Now that you have the bad news, let’s look at the good news. We know not every fall can be prevented, but these fall prevention tips have additional benefits to any older adult. A healthier person has more confidence, is happier and more likely to recover from a fall more quickly.
- Strength and Balance Exercises. Lower body weakness and mobility problems are major risk factors for falls. Improve strength and balance with low-impact exercise and increased activity in general. You don’t necessarily need to leave your home to improve strength and balance. With your doctor’s approval, there are scores of online classes for older adults. Also, evaluate footwear for stable slip-proof shoes.
- Make an Appointment with Your Doctor. Schedule a complete workup to rule out blood pressure or other medical problems. Ask for an assessment of medications to see if there could be drug interactions or side effects. Have your loved one's eyes and ears checked. A yearly Medicare exam will include a complete set of labs and a cognitive and depression screening. Be on the lookout for urinary tract infections and dehydration which are quite common among older adults.
- Home Environment. If you aren’t comfortable evaluating the safety of your loved one’s home, get an occupational therapy (OT) evaluation. An OT can make suggestions on grab bars in the bathroom, railings for stairs, toilet risers, and other accessibility additions. Investing in a chair lift can allow an older adult to safely go up and downstairs. Declutter and remove throw rugs which are a known fall risk hazard. If your loved one doesn’t have an emergency response system ERS), get one right away. An ERS can mean the difference between life and death or severe disability after a fall.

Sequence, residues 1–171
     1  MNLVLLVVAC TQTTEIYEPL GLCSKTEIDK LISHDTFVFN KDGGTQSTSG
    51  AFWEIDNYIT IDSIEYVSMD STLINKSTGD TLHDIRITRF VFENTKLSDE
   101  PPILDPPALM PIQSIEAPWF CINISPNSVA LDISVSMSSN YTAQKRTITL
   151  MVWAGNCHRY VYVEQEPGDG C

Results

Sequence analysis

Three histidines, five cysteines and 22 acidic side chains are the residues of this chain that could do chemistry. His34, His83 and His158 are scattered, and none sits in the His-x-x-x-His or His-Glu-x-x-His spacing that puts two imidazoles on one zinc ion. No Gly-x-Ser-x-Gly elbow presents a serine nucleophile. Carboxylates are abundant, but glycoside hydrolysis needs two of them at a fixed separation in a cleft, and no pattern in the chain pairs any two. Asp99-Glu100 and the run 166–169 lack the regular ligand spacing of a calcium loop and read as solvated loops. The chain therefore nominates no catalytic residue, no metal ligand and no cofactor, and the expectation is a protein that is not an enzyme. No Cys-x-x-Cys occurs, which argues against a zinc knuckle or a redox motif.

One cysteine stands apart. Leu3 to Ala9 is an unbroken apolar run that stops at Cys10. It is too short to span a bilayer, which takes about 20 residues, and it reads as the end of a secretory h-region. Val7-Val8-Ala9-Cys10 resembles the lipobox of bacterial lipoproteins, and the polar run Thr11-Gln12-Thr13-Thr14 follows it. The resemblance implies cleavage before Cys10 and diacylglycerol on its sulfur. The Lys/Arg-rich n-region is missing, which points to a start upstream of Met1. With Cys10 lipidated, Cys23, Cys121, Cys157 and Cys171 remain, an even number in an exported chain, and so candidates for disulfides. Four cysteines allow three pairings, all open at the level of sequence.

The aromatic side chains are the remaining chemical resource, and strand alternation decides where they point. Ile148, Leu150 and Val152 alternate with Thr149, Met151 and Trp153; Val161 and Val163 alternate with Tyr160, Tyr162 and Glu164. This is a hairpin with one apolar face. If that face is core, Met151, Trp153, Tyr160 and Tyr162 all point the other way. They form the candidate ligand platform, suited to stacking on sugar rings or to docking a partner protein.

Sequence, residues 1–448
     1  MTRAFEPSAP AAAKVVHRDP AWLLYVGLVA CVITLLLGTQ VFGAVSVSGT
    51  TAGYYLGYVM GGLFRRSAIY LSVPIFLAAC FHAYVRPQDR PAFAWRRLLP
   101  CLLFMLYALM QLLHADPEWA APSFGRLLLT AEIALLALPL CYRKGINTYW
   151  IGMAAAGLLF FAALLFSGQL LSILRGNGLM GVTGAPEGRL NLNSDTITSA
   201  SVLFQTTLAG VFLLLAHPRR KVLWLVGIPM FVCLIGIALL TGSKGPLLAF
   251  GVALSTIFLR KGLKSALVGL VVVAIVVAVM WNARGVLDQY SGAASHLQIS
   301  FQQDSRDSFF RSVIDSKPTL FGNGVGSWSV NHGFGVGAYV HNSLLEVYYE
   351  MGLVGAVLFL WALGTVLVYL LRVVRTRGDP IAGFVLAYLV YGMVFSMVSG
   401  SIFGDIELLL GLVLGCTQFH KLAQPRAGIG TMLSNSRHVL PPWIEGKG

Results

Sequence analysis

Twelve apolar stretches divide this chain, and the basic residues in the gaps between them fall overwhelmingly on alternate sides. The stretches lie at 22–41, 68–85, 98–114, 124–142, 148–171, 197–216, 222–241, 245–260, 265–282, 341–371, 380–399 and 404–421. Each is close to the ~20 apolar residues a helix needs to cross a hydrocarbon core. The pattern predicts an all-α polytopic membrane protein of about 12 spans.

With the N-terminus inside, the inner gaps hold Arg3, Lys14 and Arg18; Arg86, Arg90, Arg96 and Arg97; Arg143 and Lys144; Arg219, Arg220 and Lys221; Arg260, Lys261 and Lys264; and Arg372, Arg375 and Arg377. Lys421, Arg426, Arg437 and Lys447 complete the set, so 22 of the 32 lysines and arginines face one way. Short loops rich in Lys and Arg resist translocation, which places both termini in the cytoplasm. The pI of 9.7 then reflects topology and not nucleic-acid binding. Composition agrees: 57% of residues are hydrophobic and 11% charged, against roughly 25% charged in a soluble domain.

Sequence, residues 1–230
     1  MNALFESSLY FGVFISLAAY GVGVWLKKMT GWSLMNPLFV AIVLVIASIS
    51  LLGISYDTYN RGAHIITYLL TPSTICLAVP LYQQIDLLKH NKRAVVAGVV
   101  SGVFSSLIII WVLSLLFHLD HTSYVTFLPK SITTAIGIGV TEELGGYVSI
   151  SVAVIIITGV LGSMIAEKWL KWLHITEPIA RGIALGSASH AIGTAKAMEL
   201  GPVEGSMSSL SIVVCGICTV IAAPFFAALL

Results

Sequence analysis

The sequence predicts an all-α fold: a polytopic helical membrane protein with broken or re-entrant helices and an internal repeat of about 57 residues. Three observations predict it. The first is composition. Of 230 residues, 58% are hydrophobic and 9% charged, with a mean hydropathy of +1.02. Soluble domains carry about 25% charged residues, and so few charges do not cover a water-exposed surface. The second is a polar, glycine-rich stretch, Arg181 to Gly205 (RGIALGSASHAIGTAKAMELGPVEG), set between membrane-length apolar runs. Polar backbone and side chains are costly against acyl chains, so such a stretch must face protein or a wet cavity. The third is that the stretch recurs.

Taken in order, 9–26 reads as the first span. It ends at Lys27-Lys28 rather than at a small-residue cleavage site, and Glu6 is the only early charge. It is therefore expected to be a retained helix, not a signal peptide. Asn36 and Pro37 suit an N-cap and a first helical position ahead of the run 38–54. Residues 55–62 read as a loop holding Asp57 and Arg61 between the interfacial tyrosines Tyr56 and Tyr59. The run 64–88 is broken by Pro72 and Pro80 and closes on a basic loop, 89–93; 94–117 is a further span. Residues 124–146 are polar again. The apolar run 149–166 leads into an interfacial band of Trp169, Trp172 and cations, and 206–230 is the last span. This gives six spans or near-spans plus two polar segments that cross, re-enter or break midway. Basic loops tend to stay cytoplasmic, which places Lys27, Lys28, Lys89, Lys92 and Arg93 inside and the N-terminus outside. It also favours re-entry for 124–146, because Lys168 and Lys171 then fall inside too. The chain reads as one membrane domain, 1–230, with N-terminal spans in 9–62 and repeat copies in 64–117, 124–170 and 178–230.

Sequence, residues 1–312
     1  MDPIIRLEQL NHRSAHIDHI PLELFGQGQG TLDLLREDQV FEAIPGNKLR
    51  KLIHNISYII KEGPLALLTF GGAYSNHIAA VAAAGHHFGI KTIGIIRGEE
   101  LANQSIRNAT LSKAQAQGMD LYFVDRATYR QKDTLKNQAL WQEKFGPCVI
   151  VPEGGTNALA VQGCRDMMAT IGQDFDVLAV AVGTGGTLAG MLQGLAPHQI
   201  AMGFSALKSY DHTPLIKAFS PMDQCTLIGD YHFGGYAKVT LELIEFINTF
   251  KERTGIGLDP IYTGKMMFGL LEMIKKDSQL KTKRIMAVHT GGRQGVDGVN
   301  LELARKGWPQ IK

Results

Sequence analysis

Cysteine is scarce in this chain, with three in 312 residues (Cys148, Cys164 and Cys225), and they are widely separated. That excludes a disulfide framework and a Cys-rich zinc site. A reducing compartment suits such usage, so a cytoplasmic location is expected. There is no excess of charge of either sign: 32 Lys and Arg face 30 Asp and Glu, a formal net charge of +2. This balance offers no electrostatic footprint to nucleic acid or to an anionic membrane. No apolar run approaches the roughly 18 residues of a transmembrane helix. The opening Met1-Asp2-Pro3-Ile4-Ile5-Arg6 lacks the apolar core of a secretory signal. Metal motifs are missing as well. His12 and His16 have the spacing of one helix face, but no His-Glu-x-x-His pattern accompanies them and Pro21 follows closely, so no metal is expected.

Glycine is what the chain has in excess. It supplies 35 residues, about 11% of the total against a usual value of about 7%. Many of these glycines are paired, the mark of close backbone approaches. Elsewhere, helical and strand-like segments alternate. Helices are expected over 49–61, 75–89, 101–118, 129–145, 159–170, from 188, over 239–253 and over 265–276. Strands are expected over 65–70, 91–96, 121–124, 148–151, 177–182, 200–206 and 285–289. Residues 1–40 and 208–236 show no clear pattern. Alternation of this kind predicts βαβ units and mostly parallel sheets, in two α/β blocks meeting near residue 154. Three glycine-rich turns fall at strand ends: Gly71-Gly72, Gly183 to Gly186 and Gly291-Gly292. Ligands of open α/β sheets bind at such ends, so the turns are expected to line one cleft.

- Lighting. Many falls occur at night or in poor lighting. Improve lighting from the bedroom to the bathroom. Brighter lights throughout the house can help with mobility.
- Education. Educate your loved one about how to transfer or use a walker or take their time when standing. People with cognitive impairment often forget to lock their walker before using it and it can be a challenge to teach someone proper use, but repetition can work. Be patient and keep at it.
What to do if a Fall Happens
If your loved one falls and you are there when it happens, always call 911. Resist the urge to determine injuries on your own. Let the professionals make that evaluation. Also, don’t move the person. Just be reassuring and keep them warm and comforted until emergency personnel arrive.
Once your loved one is stable, evaluate if you can what caused the fall. It is not unusual for people to be unable to remember what caused the fall so give them time to recreate the events that happened. You may not be able to get to the cause, but if you can address the problem. Sometimes you may need to do some detective work to find the reason for a fall, but going through our 5 tips is a good starting point.
Preventing Falls in the Home
It is never too late to make positive changes in the health and well-being of your loved one. Older adults are amazingly resilient and can improve their strength and endurance if given proper and safe instruction. Assessing the home environment should be an ongoing effort to make it safer and more accessible. Hire in-home caregivers to assist your loved one and monitor their health. With these efforts, you can prevent falls in the home.